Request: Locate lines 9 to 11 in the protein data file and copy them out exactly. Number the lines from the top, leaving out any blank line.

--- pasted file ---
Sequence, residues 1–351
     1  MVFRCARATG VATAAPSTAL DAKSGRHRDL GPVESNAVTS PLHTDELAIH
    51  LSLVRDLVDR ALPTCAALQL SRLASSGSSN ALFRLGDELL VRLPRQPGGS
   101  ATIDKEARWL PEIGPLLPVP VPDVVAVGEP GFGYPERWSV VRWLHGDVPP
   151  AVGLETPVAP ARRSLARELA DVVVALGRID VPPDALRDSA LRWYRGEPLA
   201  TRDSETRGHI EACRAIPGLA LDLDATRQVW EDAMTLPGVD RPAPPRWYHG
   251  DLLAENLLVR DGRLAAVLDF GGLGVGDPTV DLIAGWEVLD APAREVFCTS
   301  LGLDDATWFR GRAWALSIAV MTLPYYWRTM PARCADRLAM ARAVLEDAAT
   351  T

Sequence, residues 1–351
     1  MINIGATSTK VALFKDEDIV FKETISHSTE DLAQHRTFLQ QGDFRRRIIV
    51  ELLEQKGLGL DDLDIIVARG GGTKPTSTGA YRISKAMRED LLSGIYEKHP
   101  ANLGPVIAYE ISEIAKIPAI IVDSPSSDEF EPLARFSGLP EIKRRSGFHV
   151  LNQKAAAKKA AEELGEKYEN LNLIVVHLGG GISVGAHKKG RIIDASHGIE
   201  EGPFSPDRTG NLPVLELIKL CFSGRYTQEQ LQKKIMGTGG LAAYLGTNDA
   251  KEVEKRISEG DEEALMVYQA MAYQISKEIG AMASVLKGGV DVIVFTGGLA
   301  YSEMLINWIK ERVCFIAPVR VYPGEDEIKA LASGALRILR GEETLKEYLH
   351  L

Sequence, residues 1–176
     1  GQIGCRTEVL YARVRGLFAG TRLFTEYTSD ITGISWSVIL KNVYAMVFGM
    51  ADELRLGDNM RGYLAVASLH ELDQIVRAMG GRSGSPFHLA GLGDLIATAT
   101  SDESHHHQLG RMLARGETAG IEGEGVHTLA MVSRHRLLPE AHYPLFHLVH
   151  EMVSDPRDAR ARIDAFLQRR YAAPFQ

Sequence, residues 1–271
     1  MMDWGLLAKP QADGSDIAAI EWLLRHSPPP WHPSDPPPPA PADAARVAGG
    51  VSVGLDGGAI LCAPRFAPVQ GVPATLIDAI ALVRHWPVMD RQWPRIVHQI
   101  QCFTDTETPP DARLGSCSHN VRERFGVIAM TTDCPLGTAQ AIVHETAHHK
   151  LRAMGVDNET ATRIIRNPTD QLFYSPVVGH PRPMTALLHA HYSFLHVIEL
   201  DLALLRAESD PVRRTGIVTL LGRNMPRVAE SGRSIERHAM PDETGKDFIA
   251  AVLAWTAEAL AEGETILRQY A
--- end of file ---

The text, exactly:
   351  T

Sequence, residues 1–351
     1  MINIGATSTK VALFKDEDIV FKETISHSTE DLAQHRTFLQ QGDFRRRIIV